On March 19, 2006, Dr. Bermudez completed a medical source statement assessing Cortes' limitations based on his medical history and other records. (R. 240-43.) Dr. Bermudez opined that Cortes could not carry any weight with his left arm. (R. 240.) Dr. Bermudez stated that Cortes had no standing, walking or sitting limitations, but his pushing and pulling was affected by his impairments. (R. 240-41.) Dr. Bermudez specifically noted that Cortes "cannot use" his left upper extremity. (R. 241.) The clinical findings supporting Dr. Bermudez's conclusions were that Cortes had left reflex sympathetic dystrophy and could not extend or flex his left shoulder/arm. (Id.) Cortes could never climb ramps, stairs, ladders, ropes or scaffolds. (Id.) Cortes' reaching, handling, fingering and feeling all were limited because Cortes could not do them with his left arm. (R. 242.) Finally, Cortes had environmental limitations with respect to temperature extremes, humidity/wetness, hazards, and fumes, odors, chemicals and gases. (R. 243.)

On September 19, 2007, Dr. Sarah Nosal of the Urban Horizons Family Practice completed a residual functional capacity questionnaire on Cortes. (R. 252-55.) Dr. Nosal diagnosed Cortes with rotator cuff syndrome and identified his symptoms as pain, stiffness, swelling and limited mobility. (R. 252.) Dr. Nosal observed that Cortes had joint deformity, reduced grip strength, sensory changes, reflex changes, abnormal posture and muscle weakness. (Id.) She opined that Cortes could sit for about two hours out of an eight hour workday and stand for less than two. (R. 253.)

On April 29, 2009, Dr. Joseph DiLullo of the Institute for Family Health completed a residual functional capacity questionnaire on Cortes. (R. 550-54.) Dr. DiLullo had been treating Cortes since June 2006, and he diagnosed Cortes with "maj[.] depressive disorder, recurrent, severe." (R. 550.) He opined that Cortes' prognosis was fair to poor because Cortes had lost his livelihood and felt useless and helpless. (Id.) Dr. DiLullo opined that Cortes had severe deficiencies in his concentration, persistence or pace; marked difficulties in maintaining social functioning; moderate restriction in activities of daily living; and one or two episodes of decompensation, each of at least two weeks' duration, in the prior year. (R. 551.) Dr. DiLullo found Cortes seriously limited in his ability to get along with coworkers or peers without unduly distracting them or exhibiting behavioral extremes. (R. 552.) Cortes had no useful ability to complete a normal workday and workweek without interruptions from psychologically based symptoms or to perform at a consistent pace without an unreasonable number and length of rest periods. (Id.) Dr. DiLullo found Cortes too limited to meet competitive standards with respect to a wide range of additional mental abilities necessary for work activities. (Id.) Dr. DiLullo opined that Cortes had a medically documented history of a chronic affective disorder of at least two years' duration and a residual disease process that had resulted in such marginal adjustment that even a minimal increase in mental demands or change in the environment would be predicted to cause him to decompensate. (R. 553.) Finally, Dr. DiLullo stated that Cortes would be absent from work more than four days per month. (Id.)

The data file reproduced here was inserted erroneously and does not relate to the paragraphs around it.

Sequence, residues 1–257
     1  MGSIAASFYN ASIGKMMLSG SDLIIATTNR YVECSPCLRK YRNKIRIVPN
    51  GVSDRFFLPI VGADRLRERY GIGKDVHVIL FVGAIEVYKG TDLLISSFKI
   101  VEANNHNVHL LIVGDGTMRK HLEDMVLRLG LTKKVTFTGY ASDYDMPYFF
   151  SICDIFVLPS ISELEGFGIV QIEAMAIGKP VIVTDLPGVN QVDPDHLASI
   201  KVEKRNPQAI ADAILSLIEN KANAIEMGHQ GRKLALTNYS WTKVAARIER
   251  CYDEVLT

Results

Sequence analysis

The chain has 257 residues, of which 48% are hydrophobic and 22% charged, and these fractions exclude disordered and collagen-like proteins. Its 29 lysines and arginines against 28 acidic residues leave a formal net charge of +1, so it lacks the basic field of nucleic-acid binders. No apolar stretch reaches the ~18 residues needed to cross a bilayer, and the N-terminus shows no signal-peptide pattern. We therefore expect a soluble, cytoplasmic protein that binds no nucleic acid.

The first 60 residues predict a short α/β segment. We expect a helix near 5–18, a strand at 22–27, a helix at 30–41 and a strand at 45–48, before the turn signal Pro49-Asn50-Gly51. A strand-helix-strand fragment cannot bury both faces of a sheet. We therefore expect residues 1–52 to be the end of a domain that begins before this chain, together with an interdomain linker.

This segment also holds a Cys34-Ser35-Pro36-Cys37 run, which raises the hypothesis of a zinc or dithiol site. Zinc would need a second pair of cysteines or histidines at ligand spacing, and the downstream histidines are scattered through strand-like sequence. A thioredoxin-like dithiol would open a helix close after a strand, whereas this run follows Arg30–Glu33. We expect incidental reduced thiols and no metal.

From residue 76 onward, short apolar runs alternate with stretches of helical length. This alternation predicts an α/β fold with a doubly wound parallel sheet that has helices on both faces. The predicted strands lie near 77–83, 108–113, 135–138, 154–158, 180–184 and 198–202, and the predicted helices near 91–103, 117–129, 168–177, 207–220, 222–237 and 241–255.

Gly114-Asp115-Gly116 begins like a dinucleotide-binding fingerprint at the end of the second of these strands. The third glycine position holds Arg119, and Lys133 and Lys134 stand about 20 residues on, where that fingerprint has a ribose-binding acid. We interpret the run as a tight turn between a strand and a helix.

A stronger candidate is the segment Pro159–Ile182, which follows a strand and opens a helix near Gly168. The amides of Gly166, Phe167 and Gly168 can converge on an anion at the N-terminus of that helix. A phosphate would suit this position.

On May 12, 2009, Dr. Adam Szerenesy of the Urban Horizons Family Practice completed a medical source statement for Cortes. (R. 555-58.) Dr. Szerenesy observed that Cortes was unable to move his left arm and diagnosed Cortes with "frozen shoulder" and possible RSD. (R. 555.) He found that Cortes had tenderness, reduced grip strength, muscle spasm, muscle weakness and muscle atrophy in his left arm. (Id.) According to Dr. Szerenesy, Cortes could sit for at least six hours out of an eight hour workday and stand for less than two hours. (R. 556.) He opined that Cortes could never lift or carry with his left arm. (R. 557.) Similarly, Cortes could only occasionally twist, stoop, crouch or climb stairs and never climb ladders. (Id.) Dr. Szerenesy found that Cortes could not use his left hand, fingers and arm for grasping, twisting, and turning of objects, fine manipulation, and reaching. (Id.) Dr. Szerenesy opined that Cortes' depression and anxiety contributed to the severity of Cortes' symptoms. (R. 558.)

Expert Testimony

Dr. Arthur ...